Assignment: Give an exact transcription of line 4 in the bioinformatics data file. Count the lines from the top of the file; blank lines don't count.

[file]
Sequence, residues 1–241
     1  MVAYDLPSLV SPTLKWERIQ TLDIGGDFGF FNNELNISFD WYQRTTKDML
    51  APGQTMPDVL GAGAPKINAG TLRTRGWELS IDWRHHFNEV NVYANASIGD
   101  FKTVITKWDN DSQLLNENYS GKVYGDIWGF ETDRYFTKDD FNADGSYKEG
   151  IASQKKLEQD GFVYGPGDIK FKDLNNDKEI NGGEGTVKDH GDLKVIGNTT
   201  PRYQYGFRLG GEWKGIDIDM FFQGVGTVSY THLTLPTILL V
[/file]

   101  FKTVITKWDN DSQLLNENYS GKVYGDIWGF ETDRYFTKDD FNADGSYKEG